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Recom m endation

MassHealth should establish adequate internal controls, including more effective oversight activities, to ensure that HHS claims are paid in compliance with its regulations. Specifically, to the extent possible, MassHealth should standardize the billing procedures and recordkeeping forms for HHS providers, particularly INs. Further, we recommend that MassHealth: Standardize forms for the INs notes, medicine distribution, and any other documentation required to be maintained under the recordkeeping requirements. Develop standardized timesheets to replace the current procedure of indicating beginning and ending times of shifts in the nurses notes. Standardize the billing procedures of the INs in order to monitor compliance with the limit of hours worked in a consecutive seven-day period. We recommend that MassHealth require that all INs and HHAs submit claims weekly, with the same starting and ending days of the week (i.e., Sunday to Saturday) and include all the hours worked in that consecutive seven-day period. Create an edit in the MMIS claim review system that is used by MassHealth to process HHS claims that will reject and suspend payment on all claims from INs in excess of 60 hours worked in a consecutive seven-day period. Conduct annual reviews of the records being maintained by INs and HHAs to assess compliance with its recordkeeping regulations. Convene mandatory annual training sessions for INs to make them aware of MassHealths recordkeeping requirements as well as its requirements pertaining to the maximum work hours allowed. Assign a manager or supervisor to each IN. Review all other cases where members are receiving in excess of 112 hours per week of nursing services for compliance with MassHealth regulations, and establish controls to ensure compliance with this requirement.

d. Services May Not Have Represented the Least Costly Form of Comparable Care Available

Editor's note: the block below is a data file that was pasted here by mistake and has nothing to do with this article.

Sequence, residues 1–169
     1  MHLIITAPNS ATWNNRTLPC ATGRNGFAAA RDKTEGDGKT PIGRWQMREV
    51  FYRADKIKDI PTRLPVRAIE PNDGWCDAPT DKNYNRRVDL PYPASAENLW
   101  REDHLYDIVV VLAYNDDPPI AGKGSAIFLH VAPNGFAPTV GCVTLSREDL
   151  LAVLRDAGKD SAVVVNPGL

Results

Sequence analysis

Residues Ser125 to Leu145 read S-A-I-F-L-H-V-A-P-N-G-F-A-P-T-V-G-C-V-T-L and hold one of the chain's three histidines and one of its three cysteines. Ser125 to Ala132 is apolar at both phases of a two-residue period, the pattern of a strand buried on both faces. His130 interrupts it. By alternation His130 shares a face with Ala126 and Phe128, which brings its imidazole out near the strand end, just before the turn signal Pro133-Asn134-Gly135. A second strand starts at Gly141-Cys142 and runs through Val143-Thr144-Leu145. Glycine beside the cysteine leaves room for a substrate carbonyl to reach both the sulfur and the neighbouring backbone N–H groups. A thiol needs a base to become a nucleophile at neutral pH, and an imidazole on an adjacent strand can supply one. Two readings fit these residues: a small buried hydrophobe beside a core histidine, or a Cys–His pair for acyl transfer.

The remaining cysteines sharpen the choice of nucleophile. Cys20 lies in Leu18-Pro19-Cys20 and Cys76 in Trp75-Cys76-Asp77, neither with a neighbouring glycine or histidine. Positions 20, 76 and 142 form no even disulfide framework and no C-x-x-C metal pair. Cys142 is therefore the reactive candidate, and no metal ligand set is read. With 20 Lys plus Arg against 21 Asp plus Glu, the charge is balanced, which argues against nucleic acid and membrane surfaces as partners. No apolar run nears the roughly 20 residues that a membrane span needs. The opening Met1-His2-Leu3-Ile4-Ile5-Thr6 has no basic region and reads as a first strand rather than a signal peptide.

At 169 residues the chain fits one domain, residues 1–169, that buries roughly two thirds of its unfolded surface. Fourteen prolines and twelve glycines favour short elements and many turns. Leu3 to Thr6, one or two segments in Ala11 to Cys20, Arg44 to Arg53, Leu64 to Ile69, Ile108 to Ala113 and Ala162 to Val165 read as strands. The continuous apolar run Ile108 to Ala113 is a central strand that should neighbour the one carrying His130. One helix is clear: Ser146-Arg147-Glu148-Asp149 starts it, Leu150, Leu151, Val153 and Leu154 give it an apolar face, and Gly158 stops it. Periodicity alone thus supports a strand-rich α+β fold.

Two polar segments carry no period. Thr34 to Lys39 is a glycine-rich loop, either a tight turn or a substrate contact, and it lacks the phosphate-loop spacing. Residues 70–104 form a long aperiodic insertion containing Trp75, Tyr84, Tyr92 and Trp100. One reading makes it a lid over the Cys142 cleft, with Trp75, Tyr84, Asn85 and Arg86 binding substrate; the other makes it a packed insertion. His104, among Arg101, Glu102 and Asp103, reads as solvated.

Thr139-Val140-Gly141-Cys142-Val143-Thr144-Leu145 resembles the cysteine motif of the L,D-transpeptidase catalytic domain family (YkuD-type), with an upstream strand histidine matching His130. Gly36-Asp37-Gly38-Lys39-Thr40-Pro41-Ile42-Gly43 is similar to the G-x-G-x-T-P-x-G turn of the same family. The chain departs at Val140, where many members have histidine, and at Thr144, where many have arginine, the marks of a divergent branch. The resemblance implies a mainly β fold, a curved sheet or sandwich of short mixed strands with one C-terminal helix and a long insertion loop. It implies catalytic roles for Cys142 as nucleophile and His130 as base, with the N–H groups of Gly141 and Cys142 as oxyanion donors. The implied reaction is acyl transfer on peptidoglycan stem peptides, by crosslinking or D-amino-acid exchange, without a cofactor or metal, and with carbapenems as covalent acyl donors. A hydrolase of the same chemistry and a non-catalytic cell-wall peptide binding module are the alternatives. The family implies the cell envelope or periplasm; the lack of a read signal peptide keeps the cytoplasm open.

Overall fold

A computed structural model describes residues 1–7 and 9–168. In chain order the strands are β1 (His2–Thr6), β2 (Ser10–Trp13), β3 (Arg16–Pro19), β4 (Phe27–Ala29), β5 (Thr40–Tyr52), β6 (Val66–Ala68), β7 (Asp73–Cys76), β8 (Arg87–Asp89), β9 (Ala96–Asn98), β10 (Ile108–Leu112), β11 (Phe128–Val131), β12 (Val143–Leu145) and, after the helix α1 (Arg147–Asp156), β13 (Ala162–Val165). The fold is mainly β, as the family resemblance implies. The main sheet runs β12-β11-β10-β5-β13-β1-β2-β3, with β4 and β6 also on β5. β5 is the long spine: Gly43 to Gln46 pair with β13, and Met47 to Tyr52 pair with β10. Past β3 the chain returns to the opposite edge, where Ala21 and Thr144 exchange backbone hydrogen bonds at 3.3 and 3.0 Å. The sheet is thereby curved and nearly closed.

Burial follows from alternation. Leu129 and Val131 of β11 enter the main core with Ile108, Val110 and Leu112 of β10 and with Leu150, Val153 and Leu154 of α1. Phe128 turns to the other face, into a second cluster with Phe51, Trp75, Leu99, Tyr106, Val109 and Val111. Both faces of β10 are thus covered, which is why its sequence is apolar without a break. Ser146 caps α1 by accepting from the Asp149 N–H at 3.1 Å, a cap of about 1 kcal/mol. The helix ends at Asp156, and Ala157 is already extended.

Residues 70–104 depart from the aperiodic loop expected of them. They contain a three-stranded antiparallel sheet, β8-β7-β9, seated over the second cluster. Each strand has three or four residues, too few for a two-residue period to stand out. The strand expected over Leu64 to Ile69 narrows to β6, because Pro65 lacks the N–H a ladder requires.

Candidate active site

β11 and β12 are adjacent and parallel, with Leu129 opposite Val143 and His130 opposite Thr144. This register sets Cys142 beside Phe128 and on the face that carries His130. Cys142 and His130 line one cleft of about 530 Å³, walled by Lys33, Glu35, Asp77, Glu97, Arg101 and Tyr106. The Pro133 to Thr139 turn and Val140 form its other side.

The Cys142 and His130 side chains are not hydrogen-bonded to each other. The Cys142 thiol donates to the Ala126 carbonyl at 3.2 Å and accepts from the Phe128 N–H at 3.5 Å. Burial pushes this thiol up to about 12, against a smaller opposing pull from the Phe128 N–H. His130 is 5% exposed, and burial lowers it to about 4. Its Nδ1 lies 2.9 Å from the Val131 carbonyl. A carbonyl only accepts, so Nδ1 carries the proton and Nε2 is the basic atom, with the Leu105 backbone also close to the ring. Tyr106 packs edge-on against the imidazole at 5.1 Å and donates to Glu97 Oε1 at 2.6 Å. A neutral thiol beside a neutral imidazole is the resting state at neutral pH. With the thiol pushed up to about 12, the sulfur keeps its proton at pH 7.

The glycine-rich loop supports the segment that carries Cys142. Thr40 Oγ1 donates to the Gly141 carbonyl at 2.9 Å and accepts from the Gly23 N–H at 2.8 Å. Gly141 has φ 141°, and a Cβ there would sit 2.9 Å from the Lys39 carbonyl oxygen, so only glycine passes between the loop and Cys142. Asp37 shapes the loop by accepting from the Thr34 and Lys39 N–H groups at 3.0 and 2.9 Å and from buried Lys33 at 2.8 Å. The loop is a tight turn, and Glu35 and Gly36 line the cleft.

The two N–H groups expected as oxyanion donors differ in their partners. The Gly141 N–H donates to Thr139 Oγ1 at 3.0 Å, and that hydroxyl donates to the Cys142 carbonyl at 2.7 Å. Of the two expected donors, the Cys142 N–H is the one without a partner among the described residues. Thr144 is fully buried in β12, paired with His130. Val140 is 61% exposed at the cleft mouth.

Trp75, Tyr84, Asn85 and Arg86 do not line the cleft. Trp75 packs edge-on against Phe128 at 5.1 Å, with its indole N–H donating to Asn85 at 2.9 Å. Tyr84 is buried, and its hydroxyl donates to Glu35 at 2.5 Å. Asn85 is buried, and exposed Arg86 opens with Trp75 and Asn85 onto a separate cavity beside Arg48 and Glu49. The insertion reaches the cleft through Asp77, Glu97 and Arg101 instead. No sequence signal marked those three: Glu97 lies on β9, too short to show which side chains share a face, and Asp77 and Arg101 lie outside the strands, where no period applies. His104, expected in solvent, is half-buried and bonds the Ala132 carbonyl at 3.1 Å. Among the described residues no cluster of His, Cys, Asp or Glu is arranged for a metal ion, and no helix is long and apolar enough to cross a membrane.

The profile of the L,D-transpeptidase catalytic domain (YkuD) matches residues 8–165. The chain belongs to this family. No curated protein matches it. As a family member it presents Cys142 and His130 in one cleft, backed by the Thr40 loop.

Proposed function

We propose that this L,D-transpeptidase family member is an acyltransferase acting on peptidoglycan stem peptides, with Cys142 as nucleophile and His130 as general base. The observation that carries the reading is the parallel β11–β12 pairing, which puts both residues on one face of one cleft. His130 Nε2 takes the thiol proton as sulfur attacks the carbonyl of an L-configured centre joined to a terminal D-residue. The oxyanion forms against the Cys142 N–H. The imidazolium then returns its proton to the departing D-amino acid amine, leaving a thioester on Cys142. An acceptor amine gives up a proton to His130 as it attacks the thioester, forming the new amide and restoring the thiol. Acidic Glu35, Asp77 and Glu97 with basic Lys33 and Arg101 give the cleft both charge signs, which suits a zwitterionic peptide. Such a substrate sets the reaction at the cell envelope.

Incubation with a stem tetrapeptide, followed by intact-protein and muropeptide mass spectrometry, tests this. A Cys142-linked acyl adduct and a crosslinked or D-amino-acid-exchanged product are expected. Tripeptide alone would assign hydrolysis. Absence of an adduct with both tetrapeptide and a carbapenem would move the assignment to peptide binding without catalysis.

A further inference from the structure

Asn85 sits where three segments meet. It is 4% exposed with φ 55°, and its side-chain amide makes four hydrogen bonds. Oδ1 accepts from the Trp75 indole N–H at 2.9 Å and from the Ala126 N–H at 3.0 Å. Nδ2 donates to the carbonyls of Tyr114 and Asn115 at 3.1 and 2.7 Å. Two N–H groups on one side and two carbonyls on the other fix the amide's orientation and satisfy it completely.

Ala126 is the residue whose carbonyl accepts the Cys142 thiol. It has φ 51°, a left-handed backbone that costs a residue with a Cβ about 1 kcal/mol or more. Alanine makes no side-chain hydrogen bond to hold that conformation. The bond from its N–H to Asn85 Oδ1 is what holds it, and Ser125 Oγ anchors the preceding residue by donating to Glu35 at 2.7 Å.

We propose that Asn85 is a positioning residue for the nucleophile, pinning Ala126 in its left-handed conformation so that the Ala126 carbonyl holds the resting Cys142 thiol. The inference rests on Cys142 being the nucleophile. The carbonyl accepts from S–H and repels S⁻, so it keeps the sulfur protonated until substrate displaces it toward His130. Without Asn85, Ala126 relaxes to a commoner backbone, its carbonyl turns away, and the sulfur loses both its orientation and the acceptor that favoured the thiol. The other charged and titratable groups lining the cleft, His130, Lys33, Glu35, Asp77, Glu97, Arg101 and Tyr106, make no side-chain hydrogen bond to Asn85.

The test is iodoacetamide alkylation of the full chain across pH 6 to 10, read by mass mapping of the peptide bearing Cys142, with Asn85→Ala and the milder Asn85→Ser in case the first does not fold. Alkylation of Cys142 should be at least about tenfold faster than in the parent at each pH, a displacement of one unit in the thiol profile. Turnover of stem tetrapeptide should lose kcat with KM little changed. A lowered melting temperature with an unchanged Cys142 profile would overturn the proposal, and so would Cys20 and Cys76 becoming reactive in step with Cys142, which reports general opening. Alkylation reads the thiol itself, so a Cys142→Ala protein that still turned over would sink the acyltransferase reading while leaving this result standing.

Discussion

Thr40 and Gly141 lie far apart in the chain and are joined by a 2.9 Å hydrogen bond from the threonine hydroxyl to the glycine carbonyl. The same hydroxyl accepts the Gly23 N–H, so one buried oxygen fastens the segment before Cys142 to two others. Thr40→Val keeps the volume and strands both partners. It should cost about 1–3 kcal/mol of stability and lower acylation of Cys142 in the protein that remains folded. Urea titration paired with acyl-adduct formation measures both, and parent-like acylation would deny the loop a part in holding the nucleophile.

MassHealth regulations require that both HHAs and INs provide services that are no more costly than medically comparable care in an appropriate institution and the least costly form of comparable care available in the community. Specifically, 130 CMR 414.409(H) states:

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Least Costly Form of Care: The MassHealth agency pays for nursing services only when services are no more costly than medically comparable care in an appropriate institution and the least costly form of comparable care available in the community.

During our audit, we asked MassHealth officials how the agency ensures compliance with these regulations. In response, MassHealth stated:
During the prior authorization review process, MassHealth reviewers seek to determine that certain home health services requested by a member are in fact medically necessary for the member and cannot be provided in the community through less costly means. MassHealth, through its Program Review unit, also periodically reviews a sample of the home health agencys medical records for members receiving home health services that were paid for by MassHealth. Such review includes a review of the physicians plan of care for the member and a review of the medical necessity of the services provided MassHealths program review unit seeks to determine that the services provided are of good quality, meet the members medical needs, are cost effective, and result in positive outcomes for the member.

However, based on our audit, we believe that MassHealth needs to improve the controls it has established in this area. For example, MassHealth does not require HHAs to establish policies and procedures that describe how the HHA intends to comply with the requirements of this regulation, and HHAs are not required to document the process they use to determine that the least costly form of care is being provided to the MassHealth members they are servicing. Also, MassHealth does not routinely conduct analytical reviews of the services provided to its members to determine whether there were less costly options available within their community that could have been utilized to provide these services. As a result, we found several instances in which it appeared that the services being provided to members by the HHAs and INs may not have been provided at the lowest cost available, as follows: Some HHA officials indicated that they arbitrarily utilize more costly registered nurses (RNs) instead of licensed practical nurses (LPNs) because of scheduling or personnel reasons. Services rendered by RNs are paid at a rate approximately 20% higher than those of LPNs, and there are more RNs working for HHAs than LPNs. We noted instances in which Home Health Aides performed tasks which possibly could have been provided by less costly PCAs. In addition to assisting in the provision of nursing and therapeutic care to members, Home Health Aides also provide many of the same services as PCAs but are paid at approximately twice the rate of a PCA. Intermittent care, which represents approximately 50% of the services in the HHS program, is paid at the rate per visit set by the DHCFP, whether it is a 15-minute or two-